With over one million observations since it launch on April 24, 1990, the Hubble Space Telescope has been a endless source for insane wonders, unprecedented scenes and humbling experiences. However, many of its most amazing images have never been seen before by anyone—until now. In fact, some images actually show objects that nobody knew existed before.
These are, as the European Space Agency calls them, Hubble's hidden treasures—the unknown secret galaxies and stars that have remained unseen in the Space Telescope's data vaults until the ESA asked the public to dive in on a quest to find them. What people have found is amazing.
According to ESA:
[Of the million observations] only a small proportion are attractive images—and an even smaller number are ever actually seen by anyone outside the small groups of scientists that publish them. But the vast amount of data in the archive means that there are still many hundreds of beautiful images scattered among the valuable, but visually unattractive, scientific data that have never been enjoyed by the public.
Knowing that, ESA opened the vaults to everyone. A few months later, they had 3,000 submissions in their servers, all of them beautiful. "More than a thousand of these images were fully processed," says ESA, "a difficult and time-consuming task."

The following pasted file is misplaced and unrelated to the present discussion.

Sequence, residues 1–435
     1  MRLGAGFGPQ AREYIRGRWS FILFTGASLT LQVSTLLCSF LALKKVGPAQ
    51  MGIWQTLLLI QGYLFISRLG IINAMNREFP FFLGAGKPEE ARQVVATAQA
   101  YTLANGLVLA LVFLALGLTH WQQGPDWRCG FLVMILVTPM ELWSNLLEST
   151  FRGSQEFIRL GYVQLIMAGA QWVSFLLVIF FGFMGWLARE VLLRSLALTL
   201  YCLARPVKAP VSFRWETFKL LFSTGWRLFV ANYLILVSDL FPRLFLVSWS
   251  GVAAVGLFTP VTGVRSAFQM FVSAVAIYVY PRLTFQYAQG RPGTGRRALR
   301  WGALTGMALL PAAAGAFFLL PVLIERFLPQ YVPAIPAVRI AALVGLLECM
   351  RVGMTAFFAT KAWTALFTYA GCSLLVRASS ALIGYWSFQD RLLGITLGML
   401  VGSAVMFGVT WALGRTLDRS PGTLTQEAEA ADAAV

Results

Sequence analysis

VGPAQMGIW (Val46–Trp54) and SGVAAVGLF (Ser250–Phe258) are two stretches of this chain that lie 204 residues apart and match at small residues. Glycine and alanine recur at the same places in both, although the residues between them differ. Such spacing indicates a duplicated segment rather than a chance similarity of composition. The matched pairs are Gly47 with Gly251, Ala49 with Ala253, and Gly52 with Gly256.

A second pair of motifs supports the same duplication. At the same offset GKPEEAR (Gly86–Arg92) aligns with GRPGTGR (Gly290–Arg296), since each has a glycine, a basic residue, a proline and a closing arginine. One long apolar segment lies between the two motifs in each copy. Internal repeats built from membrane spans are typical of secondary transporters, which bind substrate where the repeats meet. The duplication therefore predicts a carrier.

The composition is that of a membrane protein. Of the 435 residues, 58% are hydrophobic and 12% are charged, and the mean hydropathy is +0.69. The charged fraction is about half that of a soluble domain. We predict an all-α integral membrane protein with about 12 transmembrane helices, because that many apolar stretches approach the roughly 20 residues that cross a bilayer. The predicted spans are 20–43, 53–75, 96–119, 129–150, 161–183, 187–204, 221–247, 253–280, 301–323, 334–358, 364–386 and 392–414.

Incredibly enough, there was no payment for all these image hunting and processing hours done by the public except a few small prizes for the top ten in two categories—basic imaging and image processing. The volunteers did it all out of the love for the quest, a desire to explore and find something that nobody has seen before in this way.
Here are the results:
The winner of the image processing category was Josh Lake, for the star-forming region NGC 1763, followed by Andre van der Hoeven and his image of the spiral galaxy Messier 77. My favorite, however, is this one, found and processed by Judy Schmidt, a web developer from Lakeside, California. It's the star XZ Tauri. According to the European Space Agency, this was the jury's favorite. In fact, thanks to her work, they found "an unusual object that we would never have found without her help."
It's so incredibly beautiful and delicate that it seems unreal:
What a magical place.
Here's Lake's NGC 1763:
And van der Hoeven's Messier 77:
You can see all the winning images at the ESA site.